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Wednesday's coordinated Central Bank move to unlock dollar funding markets was forced by continuing fear of counterparty default. Interbank lending markets continued to show strain throughout the October rally and measures came to a head Tuesday, prompting Central Banks to drop costs on dollar funding to 50bps from 100 bps above the overnight index swap ("OIS").

The Libor OIS spread has been a great measure of interbank fear. As the sovereigns wrestle with austerity, banks are shoring up balance sheets. This has created a hoarding mentality at highly leveraged European banks. Instead of providing fuel in the form of liquidity, they've been stockpiling to avoid getting caught on the wrong side of a bank failure.

The imminent failure of a major European financial institution, likely one heavily exposed to dollar denominated risk, is likely behind the Central Banks move today. Unfortunately, the policy change does little to change the underlying risk to these banks.

Opening the spigot staves off a imminent failure. But, without a corresponding drop in funding costs and a return of market participants, any rally will be short lived.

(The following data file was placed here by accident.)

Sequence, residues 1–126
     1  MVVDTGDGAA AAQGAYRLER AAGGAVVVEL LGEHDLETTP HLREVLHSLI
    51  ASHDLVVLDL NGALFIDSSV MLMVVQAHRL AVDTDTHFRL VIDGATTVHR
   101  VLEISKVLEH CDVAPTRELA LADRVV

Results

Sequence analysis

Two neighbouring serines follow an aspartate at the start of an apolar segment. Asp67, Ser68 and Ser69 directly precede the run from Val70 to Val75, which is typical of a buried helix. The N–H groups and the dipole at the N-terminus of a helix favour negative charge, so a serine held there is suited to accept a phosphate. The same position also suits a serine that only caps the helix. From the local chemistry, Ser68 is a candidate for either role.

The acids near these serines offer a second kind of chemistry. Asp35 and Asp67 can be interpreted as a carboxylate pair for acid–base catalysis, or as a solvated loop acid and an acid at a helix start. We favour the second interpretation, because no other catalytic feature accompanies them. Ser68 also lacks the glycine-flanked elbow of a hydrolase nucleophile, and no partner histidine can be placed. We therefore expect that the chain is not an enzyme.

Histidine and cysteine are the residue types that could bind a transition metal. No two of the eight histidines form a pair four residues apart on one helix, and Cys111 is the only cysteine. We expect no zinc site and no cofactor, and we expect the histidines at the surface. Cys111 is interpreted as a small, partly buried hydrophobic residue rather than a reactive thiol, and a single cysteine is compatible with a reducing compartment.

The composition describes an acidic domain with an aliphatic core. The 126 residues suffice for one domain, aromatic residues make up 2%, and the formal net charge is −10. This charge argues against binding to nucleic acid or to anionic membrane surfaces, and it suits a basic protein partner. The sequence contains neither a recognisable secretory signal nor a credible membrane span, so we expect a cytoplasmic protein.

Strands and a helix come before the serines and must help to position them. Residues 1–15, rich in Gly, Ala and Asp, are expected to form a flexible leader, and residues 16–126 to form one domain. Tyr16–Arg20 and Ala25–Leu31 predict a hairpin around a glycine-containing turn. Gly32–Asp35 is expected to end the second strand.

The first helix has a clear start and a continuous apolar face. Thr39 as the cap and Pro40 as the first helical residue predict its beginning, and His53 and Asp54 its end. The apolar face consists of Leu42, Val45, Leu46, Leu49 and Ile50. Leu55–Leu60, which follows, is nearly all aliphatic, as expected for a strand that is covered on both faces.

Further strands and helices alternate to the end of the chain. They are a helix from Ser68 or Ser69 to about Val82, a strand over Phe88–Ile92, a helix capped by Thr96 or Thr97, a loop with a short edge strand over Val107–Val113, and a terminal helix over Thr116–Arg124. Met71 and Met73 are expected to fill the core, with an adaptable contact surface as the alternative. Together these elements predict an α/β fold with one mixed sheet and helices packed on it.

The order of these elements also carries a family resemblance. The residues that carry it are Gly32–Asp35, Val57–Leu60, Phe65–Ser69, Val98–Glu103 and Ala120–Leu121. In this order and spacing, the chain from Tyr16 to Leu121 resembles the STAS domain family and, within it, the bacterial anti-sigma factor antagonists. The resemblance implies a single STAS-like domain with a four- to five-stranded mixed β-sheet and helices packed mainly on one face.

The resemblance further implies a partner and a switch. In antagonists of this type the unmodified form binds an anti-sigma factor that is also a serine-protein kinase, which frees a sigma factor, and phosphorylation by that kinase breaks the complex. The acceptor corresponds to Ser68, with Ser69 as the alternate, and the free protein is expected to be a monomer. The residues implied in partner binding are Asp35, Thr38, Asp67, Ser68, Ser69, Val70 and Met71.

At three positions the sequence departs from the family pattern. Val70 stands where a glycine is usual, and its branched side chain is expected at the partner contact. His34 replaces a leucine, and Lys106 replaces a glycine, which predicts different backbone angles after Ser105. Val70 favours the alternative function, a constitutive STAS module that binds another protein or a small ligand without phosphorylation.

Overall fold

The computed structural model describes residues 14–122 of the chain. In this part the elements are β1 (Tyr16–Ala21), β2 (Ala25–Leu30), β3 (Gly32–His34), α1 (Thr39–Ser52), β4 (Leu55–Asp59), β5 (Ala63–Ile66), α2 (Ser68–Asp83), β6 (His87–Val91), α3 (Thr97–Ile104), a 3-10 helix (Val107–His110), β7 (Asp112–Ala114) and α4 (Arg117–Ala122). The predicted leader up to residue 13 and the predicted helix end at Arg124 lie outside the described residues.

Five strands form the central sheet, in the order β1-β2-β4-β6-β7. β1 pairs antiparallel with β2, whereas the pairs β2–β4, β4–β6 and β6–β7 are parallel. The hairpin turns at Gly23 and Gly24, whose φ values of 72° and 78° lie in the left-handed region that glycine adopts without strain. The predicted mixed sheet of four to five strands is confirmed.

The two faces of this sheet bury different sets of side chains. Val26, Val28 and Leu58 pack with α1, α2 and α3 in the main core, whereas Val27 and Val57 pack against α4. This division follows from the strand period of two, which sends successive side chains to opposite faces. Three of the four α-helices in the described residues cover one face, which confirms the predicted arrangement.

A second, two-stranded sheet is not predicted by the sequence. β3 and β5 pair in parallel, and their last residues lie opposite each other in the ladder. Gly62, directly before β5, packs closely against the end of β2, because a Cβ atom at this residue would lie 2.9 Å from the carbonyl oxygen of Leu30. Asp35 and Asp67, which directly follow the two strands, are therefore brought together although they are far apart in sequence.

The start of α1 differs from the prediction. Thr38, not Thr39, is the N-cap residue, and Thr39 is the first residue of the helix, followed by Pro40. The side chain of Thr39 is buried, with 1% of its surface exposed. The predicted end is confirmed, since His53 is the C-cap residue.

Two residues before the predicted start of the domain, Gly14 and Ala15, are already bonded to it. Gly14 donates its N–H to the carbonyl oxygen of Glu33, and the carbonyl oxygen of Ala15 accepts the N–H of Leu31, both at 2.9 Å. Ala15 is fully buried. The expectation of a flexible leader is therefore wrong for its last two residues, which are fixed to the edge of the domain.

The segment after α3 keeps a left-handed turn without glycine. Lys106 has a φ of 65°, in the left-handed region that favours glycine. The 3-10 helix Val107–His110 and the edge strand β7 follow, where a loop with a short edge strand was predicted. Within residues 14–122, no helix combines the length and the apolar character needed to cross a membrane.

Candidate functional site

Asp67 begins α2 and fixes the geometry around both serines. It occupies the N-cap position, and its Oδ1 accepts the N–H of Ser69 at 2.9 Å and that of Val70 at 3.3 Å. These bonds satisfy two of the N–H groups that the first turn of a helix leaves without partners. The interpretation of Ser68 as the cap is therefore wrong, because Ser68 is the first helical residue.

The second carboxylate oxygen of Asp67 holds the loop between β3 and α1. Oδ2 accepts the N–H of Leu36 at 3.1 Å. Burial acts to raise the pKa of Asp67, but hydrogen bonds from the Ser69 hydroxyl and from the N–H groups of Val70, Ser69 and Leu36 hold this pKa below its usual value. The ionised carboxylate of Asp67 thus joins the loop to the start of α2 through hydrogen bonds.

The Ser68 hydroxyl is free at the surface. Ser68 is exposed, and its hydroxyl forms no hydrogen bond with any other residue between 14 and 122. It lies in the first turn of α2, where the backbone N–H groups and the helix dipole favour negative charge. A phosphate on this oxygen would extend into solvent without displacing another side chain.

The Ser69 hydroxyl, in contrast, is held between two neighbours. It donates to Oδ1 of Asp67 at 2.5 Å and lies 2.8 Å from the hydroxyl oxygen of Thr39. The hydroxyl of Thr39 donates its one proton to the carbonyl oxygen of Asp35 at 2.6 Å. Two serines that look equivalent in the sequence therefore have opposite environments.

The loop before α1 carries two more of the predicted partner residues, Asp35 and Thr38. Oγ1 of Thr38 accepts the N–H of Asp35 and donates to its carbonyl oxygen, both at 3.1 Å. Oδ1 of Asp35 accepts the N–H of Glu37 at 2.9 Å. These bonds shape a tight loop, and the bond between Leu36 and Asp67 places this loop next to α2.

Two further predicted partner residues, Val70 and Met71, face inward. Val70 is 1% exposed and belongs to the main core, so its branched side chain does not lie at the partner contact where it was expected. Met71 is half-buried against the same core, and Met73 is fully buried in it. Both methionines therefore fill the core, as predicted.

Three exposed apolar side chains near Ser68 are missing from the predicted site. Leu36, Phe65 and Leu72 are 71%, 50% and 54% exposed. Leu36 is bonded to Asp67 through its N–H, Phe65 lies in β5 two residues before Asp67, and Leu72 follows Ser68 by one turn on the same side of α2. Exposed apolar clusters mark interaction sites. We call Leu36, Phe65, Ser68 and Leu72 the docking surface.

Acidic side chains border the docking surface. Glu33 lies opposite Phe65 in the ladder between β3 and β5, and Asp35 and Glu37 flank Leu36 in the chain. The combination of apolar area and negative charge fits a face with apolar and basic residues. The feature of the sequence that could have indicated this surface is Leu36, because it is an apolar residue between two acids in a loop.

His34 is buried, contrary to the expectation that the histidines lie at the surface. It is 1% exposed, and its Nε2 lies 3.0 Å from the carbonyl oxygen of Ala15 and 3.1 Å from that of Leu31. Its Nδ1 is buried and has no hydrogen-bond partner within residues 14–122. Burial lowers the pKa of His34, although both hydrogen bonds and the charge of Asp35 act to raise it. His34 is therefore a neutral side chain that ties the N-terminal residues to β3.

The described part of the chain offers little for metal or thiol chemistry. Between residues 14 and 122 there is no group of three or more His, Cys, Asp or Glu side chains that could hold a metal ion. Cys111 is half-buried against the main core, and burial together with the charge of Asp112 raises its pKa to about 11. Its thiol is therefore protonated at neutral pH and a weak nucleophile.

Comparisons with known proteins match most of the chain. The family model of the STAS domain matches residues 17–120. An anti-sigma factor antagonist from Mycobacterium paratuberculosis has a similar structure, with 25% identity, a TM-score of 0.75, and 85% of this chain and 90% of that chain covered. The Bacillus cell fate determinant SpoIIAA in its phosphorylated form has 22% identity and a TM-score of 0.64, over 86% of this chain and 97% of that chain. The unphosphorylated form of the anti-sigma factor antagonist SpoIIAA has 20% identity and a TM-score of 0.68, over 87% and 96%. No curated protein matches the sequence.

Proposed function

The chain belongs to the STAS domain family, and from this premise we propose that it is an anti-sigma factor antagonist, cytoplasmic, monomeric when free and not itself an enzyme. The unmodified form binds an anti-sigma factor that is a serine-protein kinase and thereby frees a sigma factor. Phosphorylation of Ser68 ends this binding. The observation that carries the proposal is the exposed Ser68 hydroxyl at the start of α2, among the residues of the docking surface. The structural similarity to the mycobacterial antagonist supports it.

So, how did the Libor OIS spread react in the wake of the announcement? Much like the announced expansion of currency swaps in September 2008, following Lehman's collapse, interbank market showed little easing. The Libor OIS spread moved higher on the news, hitting 42 bps and reaching its highest since 2009. Similarly, the TED spread - another measure of interbank fear -hit new highs above 52. In the short term, the actions have done little to ease tension.

Most likely, we'll remain in a period of tiered credit costs. The strongest players will continue to get the best rates. The weakest players will struggle.

The saving grace comes if sovereign debt markets begin to rally, driving yields back down to manageable levels. Italy's yields came down a bit today but stubbornly remain above 7%. France's yields dropped back below 3.50%. And, Germany's rates were unchanged. Absent follow through, markets will roll back over as nationalization risk mounts.

Investors will also be well served to pay particular attention to the level of deposits European banks are parking at the ECB overnight. Levels have steadily moved higher since Q3 as banks avoid risk. At 300 billion Euros parked overnight Tuesday, levels remain nearly 200 billion Euros above normal. Banks also have increasingly tapped the ECB's weekly funding spigot. The 265.5 billion Euros provided to 192 banks this week was up from 247 billion Euros and 178 banks last week. The ECB has become the only game in town, and that's evidenced by its balance sheet, which has expanded to record highs.

So, while gains this week provide some psychological relief, interbank lending markets are still telling you to fade the rally. If you don't, you run the risk of getting caught flat-footed by overnight news of a bank failure or nationalization.

Note: Investors looking for a refresher on the role of swaps in the 2008-2009 recession can view a New York Fed report by clicking here (.pdf).

Source: Interbank Lending Strains Force Central Bank Action